KALKASKA — An effort in Kalkaska County intended to spur a gubernatorial impeachment means nothing but the symbolism it conveys, state elected leaders confirmed.
State lawmakers contacted by the Record-Eagle said a Kalkaska County resolution that called for the impeachment of Gov. Gretchen Whitmer will come to nothing. No impeachment will be pursued and most lawmakers said that a special meeting Nov. 20 in Kalkaska was a waste of taxpayer dollars.
Kalkaska County commissioners voted 4-2 to approve the non-binding resolution two days after state legislative leaders declined calls for such an impeachment effort.
“First and foremost, this is a colossal waste of time to pursue impeachment of the governor during the transition of the next legislative cycle,” said state Rep. Triston Cole, R-Mancelona.
“I don’t support a lot of her policies. I find her impossible to work with,” Cole said. “That being said, I’m not supportive of an impeachment effort because that’s impossible.”
Cole said he cannot believe enough votes to impeach Whitmer would be cast in either the Michigan House of Representatives or Senate. It would not come to fruition, he said.
Perhaps it would be better to focus that energy toward the next gubernatorial election, Cole said.
State Sen. Wayne Schmidt, R-Traverse City, said he believes the governor made “missteps” in her handling of the COVID-19 pandemic, particularly when she failed to include lawmakers in her extended emergency orders.
“That does not rise to the level of impeachment,” he said, calling the Kalkaska County resolution an “attention-grabbing farce.”
“It’s not worth the time. We have more important things to be doing,” Schmidt said.
But, state Rep. Daire Rendon, R-Lake City, who represents Kalkaska County, has herself called for Whitmer’s impeachment. She said the county’s resolution won’t likely result in any action, but the symbolism won’t be lost on the local residents.
“A lot of the people in that county are frustrated and feel like they are not being heard,” Rendon said.
“It raises the awareness of just how many people in Michigan are unhappy with how things are going,” she said. “Sometimes it takes bold action — a bold statement.”
And bold statements were made.
Kalkaska County commissioner Dave Comai spoke at length about his problems with Whitmer’s leadership. He said she used the pandemic as an opportunity to be a “dictator.”
“I’m saying that she stomped on our constitution,” Comai said.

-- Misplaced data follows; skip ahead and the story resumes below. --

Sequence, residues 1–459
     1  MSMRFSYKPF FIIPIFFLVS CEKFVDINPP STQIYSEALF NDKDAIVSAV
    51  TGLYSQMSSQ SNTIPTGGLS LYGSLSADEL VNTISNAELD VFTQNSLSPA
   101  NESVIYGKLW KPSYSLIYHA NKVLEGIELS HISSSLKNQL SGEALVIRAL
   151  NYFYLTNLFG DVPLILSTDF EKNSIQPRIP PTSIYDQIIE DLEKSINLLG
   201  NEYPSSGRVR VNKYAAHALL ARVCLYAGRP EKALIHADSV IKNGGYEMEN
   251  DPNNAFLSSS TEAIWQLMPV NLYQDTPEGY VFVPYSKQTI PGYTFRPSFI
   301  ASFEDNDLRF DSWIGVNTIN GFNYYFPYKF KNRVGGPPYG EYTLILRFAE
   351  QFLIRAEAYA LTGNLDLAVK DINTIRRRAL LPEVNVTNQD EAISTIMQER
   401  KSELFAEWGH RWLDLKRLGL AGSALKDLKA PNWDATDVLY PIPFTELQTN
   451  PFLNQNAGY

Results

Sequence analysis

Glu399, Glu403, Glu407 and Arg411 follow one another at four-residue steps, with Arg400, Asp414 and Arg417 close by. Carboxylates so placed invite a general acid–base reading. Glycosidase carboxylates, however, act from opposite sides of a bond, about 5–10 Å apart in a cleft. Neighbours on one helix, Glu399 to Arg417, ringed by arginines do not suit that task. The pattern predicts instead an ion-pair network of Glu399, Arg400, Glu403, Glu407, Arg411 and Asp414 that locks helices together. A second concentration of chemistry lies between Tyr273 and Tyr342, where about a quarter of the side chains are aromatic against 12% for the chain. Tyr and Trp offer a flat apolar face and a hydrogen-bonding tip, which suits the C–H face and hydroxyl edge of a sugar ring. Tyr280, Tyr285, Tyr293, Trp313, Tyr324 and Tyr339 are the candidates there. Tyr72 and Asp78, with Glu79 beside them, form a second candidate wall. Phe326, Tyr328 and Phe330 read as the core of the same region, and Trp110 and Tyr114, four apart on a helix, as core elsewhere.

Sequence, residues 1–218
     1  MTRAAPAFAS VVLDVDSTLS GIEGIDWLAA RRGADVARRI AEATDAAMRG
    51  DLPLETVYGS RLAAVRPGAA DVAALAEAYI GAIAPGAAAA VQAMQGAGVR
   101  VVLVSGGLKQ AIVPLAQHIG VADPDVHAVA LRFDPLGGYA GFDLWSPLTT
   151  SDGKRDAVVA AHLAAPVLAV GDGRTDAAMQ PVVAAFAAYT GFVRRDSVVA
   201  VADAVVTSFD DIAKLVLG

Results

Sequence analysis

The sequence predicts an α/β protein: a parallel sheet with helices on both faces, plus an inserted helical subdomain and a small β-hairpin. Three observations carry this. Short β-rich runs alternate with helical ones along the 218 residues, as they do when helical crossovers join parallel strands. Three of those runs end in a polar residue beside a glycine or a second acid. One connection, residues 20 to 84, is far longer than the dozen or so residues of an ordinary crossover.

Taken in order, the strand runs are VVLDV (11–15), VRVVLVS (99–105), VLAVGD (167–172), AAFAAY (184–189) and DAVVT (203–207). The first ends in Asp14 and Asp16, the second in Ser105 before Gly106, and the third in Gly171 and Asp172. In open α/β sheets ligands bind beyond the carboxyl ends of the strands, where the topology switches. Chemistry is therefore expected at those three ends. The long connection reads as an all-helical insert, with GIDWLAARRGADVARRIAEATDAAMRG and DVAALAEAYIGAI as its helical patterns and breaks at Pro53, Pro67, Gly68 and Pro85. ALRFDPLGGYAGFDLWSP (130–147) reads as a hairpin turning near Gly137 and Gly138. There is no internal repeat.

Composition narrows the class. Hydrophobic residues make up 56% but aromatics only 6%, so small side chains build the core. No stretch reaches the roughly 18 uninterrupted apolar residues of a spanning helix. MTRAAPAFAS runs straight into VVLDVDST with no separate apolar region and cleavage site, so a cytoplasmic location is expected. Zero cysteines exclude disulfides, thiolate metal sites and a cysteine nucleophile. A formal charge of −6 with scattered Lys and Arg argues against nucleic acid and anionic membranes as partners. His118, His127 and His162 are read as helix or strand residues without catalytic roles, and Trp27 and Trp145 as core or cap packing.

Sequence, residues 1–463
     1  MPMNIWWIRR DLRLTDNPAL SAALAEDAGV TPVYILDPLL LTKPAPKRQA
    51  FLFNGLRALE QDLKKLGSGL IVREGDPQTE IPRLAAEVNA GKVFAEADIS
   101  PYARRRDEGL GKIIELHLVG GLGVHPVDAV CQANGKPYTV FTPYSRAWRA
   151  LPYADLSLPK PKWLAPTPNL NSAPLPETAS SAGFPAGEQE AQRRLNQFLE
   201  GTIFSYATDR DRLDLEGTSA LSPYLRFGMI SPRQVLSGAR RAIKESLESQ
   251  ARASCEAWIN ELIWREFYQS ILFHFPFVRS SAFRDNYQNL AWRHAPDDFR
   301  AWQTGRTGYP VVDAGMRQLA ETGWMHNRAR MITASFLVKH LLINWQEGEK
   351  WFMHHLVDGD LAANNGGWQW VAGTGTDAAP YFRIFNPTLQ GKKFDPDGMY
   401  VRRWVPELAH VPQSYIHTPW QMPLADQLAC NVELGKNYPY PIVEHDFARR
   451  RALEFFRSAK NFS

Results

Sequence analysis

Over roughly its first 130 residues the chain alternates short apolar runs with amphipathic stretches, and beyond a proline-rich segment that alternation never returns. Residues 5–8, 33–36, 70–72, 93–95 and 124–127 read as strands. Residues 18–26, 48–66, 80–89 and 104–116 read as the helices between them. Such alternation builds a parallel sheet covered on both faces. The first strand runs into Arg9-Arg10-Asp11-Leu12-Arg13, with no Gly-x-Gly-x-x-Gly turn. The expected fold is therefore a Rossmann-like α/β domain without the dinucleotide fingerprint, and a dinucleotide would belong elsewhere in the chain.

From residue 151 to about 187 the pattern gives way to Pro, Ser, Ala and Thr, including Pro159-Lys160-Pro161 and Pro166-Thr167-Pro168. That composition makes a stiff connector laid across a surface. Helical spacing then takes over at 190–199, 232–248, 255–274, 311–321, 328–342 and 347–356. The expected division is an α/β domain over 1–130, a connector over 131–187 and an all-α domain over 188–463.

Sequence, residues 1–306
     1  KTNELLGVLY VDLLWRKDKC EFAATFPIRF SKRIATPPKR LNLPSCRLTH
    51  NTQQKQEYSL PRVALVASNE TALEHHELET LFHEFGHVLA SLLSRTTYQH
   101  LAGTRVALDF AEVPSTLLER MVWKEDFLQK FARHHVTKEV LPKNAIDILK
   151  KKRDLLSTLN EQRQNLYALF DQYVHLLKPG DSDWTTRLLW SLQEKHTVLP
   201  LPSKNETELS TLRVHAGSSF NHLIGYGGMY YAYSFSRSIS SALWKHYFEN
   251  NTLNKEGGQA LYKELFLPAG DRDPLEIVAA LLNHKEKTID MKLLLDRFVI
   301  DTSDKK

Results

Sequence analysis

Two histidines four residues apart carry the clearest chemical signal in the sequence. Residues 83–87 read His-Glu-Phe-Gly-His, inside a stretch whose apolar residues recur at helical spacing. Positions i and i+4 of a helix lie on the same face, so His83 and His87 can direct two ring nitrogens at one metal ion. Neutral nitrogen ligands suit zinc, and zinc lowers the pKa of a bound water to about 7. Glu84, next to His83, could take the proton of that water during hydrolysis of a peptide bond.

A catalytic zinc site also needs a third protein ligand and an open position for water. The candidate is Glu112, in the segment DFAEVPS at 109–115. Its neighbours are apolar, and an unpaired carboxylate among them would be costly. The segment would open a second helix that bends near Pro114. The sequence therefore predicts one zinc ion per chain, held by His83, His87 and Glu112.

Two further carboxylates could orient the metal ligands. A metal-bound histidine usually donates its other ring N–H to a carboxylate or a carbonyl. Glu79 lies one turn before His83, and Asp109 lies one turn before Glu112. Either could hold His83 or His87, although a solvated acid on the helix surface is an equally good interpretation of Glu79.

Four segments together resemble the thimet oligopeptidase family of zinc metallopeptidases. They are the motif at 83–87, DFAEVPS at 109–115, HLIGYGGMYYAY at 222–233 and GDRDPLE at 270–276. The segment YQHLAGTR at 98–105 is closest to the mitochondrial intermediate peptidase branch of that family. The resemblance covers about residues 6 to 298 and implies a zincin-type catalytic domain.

Lame-duck commissioners Patty Cox and John West said they agreed with Comai. They argued restrictions that came with the pandemic hurt the community more than the coronavirus.
Comai, Cox, West and Chairman Kohn Fisher voted in favor of the resolution, but commissioners Jim Sweet and Craig Crambell voted against the measure. Commissioner Leigh Ngirarsaol did not attend the special meeting.
Sweet and Crambell contended the measure was useless and the board should instead be focused on helping locals survive the pandemic.
Crambell said he would even encourage local business owners to ignore state restrictions and do what is necessary to endure the struggling economy.
“I think we just need to support our business owners,” he said.
Sweet — who admitted he is quarantined at home ill with COVID-19 — said he was not interested in playing political games. He said such an impeachment effort is a state matter, not a county one.
County residents also spoke during the public meeting, participating via online video conferencing.
Tim Aschmann of the Fife Lake area said he supported the resolution.
“We need our governor to listen to us and pay attention to our needs,” he said.
But Mike Moran, who lives near Mancelona, said he deeply disapproved of what he described as “calling attention to Kalkaska as an area that wants to be rebellious.”
“It feels a lot like a toddler complaining that his mother is making him wear galoshes,” Moran said.
Michigan House Speaker Lee Chatfield, R-Levering, last week called impeachment efforts against Whitmer a distraction from what needs to be done in the state.
Chatfield said an effort to impeach Whitmer would lack merit and would be every bit as “shameful” as the impeachment efforts against President Donald Trump.
“We’re not the party that impeaches someone because we’re upset with policies that they’ve enacted,” he said last week.
During Friday night’s special meeting, Comai specifically called out Chatfield — by first name only — saying the resolution was intended to let the House Speaker know he shouldn’t have let the impeachment matter drop.
Chatfield did not respond to the Record-Eagle’s attempts to contact him for comment this week.
Whitmer’s press secretary last week said the governor doesn’t have time for this type of distraction.
“Gov. Whitmer doesn’t have time for partisan politics or people who don’t wear masks, don’t believe in science and don’t have a plan to fight this virus,” previously said Tiffany Brown, press secretary.
None of the commissioners who gathered in person Friday for the special meeting wore a mask during the public session, despite the close quarters — in direct violation of current public health orders.
At least one speaker criticized the commissioners for not wearing masks during public comments. The woman said she wanted to attend the meeting in person but didn’t because she feared possible COVID-19 infection from the unmasked elected officials.
The Associated Press contributed to this article.